The Record Of Astronomy - The Finding On The Constellations

Coming from the very first occasion man gazed up into the evening atmosphere he has been captivated by what he noticed. Even the initial civilisations will have had their particular own explanations for what they might notice. We all as humankind like to find patterns in the elements we observe so it is only to be predicted that we would see patterns and forms in the stars.

The 1st sea explorers depended on the stars for navigation in the course of their voyages. It's probably that early star gazers, priests and clever men of the old world would have employed sets of stars to govern their actions and beliefs. Likewise ancient mythology tried to explain their existence and significance in terms of stories, legends and symbols. Some of the first constellations recognised across multiple civilisations were the 12 signs of the Zodiac: Aries, Gemini, Leo, Libra, Sagittarius and Aquarius (masculine signs) and Taurus, Cancer, Virgo, Scorpio, Capricorn and Pisces (the feminine signs).

A constellation is defined as, "a group of celestial bodies, usually stars, which appear to form a pattern in the sky." However, in contemporary astronomy, a constellation is more commonly defined as, "an area of celestial spheres, characterized by accurate boundaries." In 1928 the International Astronomical Union (IAU) divided the sky up into eighty-eight (88) official constellations with exact borders. The Greeks recognized and named forty-eight constellations. Many of these were also recognized by the Arabs, Egyptians and the Babylonians. The rest consist of the constellations that were originally defined by astronomers who gazed and studied the skies in the southern hemisphere.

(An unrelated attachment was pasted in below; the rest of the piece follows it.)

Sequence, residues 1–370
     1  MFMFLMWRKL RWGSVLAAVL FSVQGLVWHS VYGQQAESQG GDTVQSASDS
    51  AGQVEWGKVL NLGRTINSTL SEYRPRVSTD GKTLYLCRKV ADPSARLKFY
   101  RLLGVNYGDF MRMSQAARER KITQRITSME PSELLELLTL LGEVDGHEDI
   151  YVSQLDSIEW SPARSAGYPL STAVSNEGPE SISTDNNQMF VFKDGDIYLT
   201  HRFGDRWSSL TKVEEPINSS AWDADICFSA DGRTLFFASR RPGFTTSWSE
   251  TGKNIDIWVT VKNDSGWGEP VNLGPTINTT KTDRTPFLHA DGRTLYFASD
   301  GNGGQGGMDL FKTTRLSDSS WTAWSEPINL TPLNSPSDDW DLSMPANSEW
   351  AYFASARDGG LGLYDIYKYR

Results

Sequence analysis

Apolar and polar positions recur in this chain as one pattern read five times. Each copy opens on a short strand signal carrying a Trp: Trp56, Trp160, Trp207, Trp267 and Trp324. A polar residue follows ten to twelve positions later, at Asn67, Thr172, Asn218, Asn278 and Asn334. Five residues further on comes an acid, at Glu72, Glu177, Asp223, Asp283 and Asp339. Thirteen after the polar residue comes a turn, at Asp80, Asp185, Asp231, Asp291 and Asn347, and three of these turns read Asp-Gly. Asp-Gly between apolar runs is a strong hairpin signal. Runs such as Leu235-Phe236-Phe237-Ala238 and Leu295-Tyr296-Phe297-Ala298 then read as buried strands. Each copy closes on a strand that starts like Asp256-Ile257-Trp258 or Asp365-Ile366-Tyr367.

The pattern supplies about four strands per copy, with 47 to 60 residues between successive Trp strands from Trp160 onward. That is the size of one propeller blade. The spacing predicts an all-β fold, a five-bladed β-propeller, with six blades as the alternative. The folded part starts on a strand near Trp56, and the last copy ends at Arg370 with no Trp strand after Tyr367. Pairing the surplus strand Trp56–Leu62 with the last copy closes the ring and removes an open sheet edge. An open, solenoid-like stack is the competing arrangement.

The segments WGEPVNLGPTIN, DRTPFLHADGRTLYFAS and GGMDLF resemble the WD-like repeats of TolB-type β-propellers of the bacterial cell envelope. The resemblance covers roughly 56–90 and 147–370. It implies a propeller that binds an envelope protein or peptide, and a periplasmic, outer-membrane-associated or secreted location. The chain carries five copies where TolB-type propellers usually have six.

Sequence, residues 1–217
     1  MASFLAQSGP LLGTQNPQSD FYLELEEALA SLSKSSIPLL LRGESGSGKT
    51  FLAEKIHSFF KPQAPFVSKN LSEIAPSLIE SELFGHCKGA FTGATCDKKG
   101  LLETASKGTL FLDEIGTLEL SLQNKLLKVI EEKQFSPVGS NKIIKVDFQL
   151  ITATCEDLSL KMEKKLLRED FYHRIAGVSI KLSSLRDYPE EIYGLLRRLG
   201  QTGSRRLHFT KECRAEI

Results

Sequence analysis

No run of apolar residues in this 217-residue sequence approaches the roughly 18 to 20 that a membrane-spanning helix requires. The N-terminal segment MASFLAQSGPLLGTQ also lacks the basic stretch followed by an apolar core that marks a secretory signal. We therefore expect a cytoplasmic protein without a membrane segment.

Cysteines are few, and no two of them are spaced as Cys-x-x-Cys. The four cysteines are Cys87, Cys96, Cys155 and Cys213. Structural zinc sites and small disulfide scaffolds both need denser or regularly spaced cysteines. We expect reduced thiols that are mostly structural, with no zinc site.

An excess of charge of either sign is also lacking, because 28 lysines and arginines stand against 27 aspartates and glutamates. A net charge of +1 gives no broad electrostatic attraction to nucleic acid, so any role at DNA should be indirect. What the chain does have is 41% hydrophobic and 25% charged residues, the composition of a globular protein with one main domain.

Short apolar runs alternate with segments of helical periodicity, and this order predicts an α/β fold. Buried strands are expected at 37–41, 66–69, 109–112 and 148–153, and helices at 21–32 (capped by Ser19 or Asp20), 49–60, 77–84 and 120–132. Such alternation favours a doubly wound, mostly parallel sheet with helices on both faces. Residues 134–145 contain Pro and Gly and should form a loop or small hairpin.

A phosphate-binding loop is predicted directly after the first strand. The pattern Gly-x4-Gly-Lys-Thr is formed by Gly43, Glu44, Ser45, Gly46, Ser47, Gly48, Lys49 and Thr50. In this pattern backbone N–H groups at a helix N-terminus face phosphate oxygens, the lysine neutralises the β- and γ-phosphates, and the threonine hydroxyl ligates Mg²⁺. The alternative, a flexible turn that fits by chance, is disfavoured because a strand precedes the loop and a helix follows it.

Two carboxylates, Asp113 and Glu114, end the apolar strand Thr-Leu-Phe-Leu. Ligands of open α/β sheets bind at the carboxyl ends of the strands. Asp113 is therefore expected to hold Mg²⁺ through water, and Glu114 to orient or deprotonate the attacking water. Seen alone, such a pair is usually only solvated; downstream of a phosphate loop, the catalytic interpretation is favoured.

The following are the eighty-eight modern constellations (in alphabetical order): Andromeda, Antlia, Apus, Aquarius, Aquila, Ara, Aries, Auriga, Bo?tes, Caelum, Camelopardalis, Cancer, Canes Venatici, Canis Major, Canis Minor, Capricornus, Carina, Cassiopeia, Centaurus, Cepheus, Cetus, Chamaeleon, Circinus, Columba, Coma Berenices, Corona Australis, Corona Borealis, Corvus, Crater, Crux, Cygnus, Delphinus, Dorado, Draco, Equuleus, Eridanus, Fornax, Gemini, Grus, Hercules, Horologium, Hydra, Hydrus, Indus, Lacerta, Leo, Leo Minor, Lepus, Libra, Lupus, Lynx, Lyra, Mensa, Microscopium, Monoceros, Musca, Norma, Octans, Ophiuchus, Orion, Pavo, Pegasus, Perseus, Phoenix, Pictor, Pisces, Piscis Austrinus, Puppis, Pyxis, Reticulum, Sagitta, Sagittarius, Scorpius, Sculptor, Scutum, Serpens, Sextans, Taurus, Telescopium, Triangulum, Triangulum Australe, Tucana, Ursa Major, Ursa Minor, Vela, Virgo, Volans, Vulpecula.

The names of the constellations are given in Latin, because Latin was once the language of learning. Modern day stargazers can use a star map or planisphere to help them identify what they are observing in the night sky and locate the various constellations and planets when visible.

By: chantay ketterman